Waste While Standing By
Federal Environmental Agency presents first comprehensive data on energy loss from office and household appliances in stand-by mode
At least 11% of the electricity consumed in German households and offices is used by temporarily unused equipment running in stand-by mode. This was the result of a study commissioned by the Federal Environmental Agency and the Federal Ministry for the Environment, in which the electricity consumption of electrical appliances on stand-by was determined for the first time in both areas. The stand-by consumption calculated here is far in excess of the stand-by energy losses for electrical and electronic equipment in Germany from previous studies, and amounts to at least 20.5 billion kWh (20.5 Terawatt hours, TWh) per year — more than two 1000 MW power stations produce in a year and far more than a major city such as Berlin requires annually (ca. 14 TWh). This unnecessary electricity consumption was responsible for about 1.5% of Germany's total CO2 emissions in 1995.
While modern office and entertainment individual appliances electronics technology is reducing the stand-by power consumption of individual appliances, at the same time, more and more appliances which cannot be completely switched off are being used — they wait, for example, in so-called stand-by mode. The study, by the Engineering Office for Energy Consulting, Domestic Technology and Ecological Concepts (Ingenieurbüro für Energieberatung, Haustechnik und ökologische Konzepte, ebök) in Tübingen, on the current state of affairs, projections and potential for CO2 reduction and climate protection by reducing stand-by energy loss ("Klimaschutz durch Minderung von Leerlaufverlusten bei Elektrogeräten — Sachstand/Projektionen/-Minderungspotentiale"), calculates a total stand-by energy consumption of 14 TWh for private households alone. Most is wasted by television sets, satellite receivers and video recorders, whose remote control receivers remain active, as well as antenna signal amplifiers, making a total contribution of 41.4% of stand-by losses in private households. Continually producing hot water accounts for 17%, while stereos, radios and similar take a share of 16.6%. What is more, even normally switched off appliances — i.e. those without a stand-by mode — can still draw current if, for example, the supply to the transformer is not completely broken by the switch. Often ignored, clocks in household appliances and chargers for cordless telephones, telephone equipment, fax machines and answering machines, which are always on, as well as chargers for electric toothbrushes and similar all keep the meter ticking over.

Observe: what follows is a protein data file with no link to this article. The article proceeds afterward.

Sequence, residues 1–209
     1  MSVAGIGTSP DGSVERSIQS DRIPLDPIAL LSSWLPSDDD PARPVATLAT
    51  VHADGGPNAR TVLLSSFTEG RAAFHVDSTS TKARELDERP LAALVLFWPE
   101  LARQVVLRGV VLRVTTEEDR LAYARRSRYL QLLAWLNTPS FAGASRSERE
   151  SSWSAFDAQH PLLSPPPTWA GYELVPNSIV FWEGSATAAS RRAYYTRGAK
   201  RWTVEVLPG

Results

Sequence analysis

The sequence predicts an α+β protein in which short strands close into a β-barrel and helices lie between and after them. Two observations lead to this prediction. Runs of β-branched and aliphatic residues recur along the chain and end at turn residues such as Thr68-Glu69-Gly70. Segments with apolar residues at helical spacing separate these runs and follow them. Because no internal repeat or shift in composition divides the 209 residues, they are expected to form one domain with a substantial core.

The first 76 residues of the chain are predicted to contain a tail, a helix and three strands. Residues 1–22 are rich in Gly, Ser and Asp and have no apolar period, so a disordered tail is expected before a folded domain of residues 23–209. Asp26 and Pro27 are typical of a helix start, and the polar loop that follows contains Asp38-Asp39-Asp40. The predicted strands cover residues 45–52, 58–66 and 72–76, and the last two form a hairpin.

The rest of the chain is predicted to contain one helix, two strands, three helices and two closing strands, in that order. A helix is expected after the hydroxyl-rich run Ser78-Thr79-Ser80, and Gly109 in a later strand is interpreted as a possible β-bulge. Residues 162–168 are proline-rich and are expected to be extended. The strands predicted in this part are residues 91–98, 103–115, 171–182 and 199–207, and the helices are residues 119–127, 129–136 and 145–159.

Stand-by power consumption by electrical equipment in the office totals 6.5 TWh, of which telephone appliances, with almost 38%, consume the largest share. Just over 19% of unnecessary electricity consumption each is caused by photocopiers and computers, followed by 12.5% for fax machines and modems. The rest is shared between printers, typewriters, mobile phones and similar. The total stand-by electricity consumption for office telecommunications equipment is 3.5 TWh, while information technology accounts for around 3 TWh. Total unnecessary consumption is even greater than this: lights left burning needlessly, hot water in offices or sector-specific equipment such as bank-note verification equipment were not included in this study.